Gaskell Society Tour to Worcester, Malvern and Alfrick

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On Tuesday, 31 May, thirty nine members and friends began a tour designed to follow the Gaskell association with the area around Worcester and Malvern. Our first port of call was Worcester Cathedral, where we enjoyed Prince Arthur’s Chantry, King John’s tomb and reference to the Magna Carta. Our major concern was Sir Edward Elgar’s association with the cathedral which, along with the River Severn, inspired much of his music. >From the cathedral, we travelled to Elgar’s birth place, a small cottage, fine garden and repository for much of his music, letters, and Alice Elgar’s letters and diaries. The curator was able to read letters between Meta and Julia Gaskell and Alice and Edward Elgar. He was able to give some information during our visit but has consequently provided more precise details.

The Malvern Concert Club was founded by Elgar and

Arthur Troyte Griffith in 1903, with the aim of bringing the

very best chamber performances to Malvern. Mrs Holland

was present at the inaugural concert, performed by the

Brodsky Quartet in 1903. The three times that Mrs

Thurstan Holland is mentioned in Alice Elgar’s diaries are

for Malvern Concert Club performances by the Brodsky

Quartet in 1903, 1905 and 1907; these concerts were held

in the Imperial Hotel. Lady Elgar’s diary for 8th December,

1905 concert reads

“Had tea with Mrs T. Holland & the 4tet”. Adolph Brodsky

was head of the Royal Manchester College of Music, and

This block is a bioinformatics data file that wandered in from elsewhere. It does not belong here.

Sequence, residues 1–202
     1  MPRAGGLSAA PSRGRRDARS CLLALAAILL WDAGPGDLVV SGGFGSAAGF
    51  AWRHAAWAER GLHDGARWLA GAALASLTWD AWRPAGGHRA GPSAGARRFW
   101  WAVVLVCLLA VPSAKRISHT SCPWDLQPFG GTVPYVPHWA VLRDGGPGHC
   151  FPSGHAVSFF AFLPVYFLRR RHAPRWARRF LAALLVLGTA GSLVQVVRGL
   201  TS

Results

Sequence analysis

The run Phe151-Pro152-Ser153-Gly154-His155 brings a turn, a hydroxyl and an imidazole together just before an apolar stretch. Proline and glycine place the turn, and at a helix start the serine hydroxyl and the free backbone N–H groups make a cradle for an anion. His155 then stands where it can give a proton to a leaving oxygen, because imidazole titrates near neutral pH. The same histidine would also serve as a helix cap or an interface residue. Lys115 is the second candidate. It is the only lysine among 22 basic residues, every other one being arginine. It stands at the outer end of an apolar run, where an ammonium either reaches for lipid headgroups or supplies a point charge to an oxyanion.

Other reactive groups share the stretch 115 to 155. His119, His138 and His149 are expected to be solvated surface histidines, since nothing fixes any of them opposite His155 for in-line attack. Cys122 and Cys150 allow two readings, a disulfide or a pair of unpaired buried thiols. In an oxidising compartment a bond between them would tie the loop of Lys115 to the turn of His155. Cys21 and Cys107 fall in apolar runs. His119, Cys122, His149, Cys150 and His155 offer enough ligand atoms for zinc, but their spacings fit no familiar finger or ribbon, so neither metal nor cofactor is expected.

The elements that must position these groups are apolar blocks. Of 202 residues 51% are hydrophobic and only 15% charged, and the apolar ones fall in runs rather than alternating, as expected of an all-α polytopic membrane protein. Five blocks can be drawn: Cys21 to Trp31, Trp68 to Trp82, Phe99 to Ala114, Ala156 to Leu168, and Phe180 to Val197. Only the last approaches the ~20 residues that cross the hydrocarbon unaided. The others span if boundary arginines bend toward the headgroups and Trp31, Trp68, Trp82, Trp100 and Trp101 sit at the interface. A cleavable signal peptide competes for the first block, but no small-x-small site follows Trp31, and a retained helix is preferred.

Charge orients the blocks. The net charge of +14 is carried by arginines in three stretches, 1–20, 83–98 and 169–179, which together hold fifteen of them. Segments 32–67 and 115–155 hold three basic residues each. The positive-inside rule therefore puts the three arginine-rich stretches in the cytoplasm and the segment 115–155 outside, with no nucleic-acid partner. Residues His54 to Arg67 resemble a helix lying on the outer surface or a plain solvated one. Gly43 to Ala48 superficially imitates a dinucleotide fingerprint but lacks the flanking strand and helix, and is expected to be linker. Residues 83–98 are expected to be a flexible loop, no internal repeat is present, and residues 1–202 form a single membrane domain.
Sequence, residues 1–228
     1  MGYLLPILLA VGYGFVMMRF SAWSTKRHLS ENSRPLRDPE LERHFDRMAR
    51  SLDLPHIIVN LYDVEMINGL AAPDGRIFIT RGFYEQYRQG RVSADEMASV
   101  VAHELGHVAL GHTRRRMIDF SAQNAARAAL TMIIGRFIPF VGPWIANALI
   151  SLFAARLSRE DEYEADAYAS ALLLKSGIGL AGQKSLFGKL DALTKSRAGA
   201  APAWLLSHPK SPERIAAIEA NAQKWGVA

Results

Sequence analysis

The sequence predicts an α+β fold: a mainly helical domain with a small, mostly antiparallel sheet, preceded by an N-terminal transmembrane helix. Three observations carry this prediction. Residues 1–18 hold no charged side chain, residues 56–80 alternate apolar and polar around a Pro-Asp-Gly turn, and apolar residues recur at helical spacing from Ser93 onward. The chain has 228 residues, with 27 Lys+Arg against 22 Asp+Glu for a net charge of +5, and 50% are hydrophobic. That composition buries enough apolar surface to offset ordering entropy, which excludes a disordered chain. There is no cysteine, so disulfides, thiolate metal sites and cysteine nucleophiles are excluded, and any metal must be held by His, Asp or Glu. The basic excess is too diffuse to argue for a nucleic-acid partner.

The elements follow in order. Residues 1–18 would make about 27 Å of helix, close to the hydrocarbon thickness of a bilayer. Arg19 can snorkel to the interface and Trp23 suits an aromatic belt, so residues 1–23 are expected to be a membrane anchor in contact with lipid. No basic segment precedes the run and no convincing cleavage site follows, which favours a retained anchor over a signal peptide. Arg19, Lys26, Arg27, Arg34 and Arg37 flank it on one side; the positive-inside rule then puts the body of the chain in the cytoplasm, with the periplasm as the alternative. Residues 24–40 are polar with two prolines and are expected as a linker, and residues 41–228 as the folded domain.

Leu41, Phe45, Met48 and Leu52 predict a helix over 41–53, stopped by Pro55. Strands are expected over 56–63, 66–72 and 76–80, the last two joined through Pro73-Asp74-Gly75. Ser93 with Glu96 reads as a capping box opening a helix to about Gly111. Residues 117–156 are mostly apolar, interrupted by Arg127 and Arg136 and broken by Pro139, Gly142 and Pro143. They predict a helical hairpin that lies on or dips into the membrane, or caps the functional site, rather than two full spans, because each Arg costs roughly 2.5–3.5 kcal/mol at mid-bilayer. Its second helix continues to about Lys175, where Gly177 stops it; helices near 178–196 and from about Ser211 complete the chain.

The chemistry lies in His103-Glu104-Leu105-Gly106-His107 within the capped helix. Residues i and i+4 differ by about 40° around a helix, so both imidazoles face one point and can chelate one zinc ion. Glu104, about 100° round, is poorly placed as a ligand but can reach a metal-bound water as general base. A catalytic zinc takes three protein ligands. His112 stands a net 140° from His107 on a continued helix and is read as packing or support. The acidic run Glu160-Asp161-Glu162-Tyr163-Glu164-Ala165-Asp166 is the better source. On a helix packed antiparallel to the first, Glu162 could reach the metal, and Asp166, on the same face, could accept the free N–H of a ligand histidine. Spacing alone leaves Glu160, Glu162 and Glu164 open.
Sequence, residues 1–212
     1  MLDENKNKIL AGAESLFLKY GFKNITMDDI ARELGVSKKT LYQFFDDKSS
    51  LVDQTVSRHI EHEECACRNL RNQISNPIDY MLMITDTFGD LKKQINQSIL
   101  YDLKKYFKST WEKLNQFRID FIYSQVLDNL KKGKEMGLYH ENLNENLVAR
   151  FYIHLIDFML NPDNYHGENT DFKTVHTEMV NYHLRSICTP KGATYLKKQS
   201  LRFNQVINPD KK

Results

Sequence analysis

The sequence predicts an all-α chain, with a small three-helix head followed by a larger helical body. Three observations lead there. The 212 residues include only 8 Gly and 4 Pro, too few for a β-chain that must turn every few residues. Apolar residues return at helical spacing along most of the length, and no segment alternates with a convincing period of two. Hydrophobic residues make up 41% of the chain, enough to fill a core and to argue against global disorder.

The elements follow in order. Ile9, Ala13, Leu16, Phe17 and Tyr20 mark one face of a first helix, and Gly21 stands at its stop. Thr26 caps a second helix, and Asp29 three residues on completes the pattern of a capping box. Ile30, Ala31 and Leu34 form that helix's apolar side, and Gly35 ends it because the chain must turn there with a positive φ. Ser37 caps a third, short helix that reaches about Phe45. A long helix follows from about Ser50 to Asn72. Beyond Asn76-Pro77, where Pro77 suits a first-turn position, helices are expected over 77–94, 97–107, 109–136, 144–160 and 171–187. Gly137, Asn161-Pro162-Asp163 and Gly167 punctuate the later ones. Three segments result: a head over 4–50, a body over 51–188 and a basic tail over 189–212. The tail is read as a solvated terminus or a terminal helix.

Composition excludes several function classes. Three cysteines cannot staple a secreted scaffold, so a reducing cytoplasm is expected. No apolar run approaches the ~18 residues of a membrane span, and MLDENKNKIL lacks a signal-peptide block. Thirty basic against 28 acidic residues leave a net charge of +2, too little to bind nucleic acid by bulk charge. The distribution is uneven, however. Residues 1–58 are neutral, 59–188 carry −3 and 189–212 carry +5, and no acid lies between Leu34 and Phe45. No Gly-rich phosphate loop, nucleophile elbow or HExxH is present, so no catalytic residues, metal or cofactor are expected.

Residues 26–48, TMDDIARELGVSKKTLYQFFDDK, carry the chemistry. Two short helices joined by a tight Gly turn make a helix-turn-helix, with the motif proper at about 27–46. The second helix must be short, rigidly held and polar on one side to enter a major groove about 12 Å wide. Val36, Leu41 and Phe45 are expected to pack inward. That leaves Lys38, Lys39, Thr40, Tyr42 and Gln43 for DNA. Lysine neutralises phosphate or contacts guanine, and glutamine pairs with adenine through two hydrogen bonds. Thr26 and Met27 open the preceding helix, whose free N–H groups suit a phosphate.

friend of Halle. They were both likely to be friends of Meta

and Julia Gaskell at that time.

On Wednesday, 1 June, we enjoyed a two hour tour of the splendid Madresfield Court, which has its origins in the 12th Century, was rebuilt in 1593 and is said to be the inspiration for Evelyn Waugh’s Brideshead in the novel Brideshead Revisited. The house was part of a plan to, if necessary, move the UK Government to Worcester in 1942 and for the Royal Family to reside at Madresfield Court. The Court is rich in furniture, pictures, and a chapel decorated in the Arts and Crafts style by the Birmingham Group of artists.

After lunch at the Malvern Hills Hotel, we travelled to the village of Alfrick. Marianne Holland’s grave, after being obscured by valerian and other plants, is now identified beside the porch of the Church of St Mary Magdalene. We were welcomed by the Vicar, Anne Potter, and were given afternoon tea by members of the congregation. Several members of our group read items from the Parish Magazines of the period when Marianne was in residence at Alfrick Court. We were able to trace letters written by Elizabeth Gaskell when she was staying at Boughton House, Worcester, in 1850 and 1856, to show that Marianne had lived in the area from 1893 until her death in 1920 and that Marianne’s daughter Florence was the last to reside in West Malvern in 1942. So the association with the area lasted 92 years.

On Thursday, 2 June, the group visited Leigh Court Barn, which dates from probably 1325, and provided food and income for the monks of Pershore Abbey. Our final visit was to Wightwick Manor, a National Trust property, built in 1887. The Manor has a fine collection of Pre-Raphaelite art, fabrics and ceramics. As always there is a Gaskell connection. Several of Elizabeth’s letters refer to Dante Gabriel Rossetti, Holman Hunt, John Everett Millais and John Ruskin and she met and conversed with them on several occasions.

This was another successful tour for Gaskell Society members, assisted by the stay at the comfortable Bank House Hotel and the good nature, conversation and knowledge of the members themselves.

Jean Alston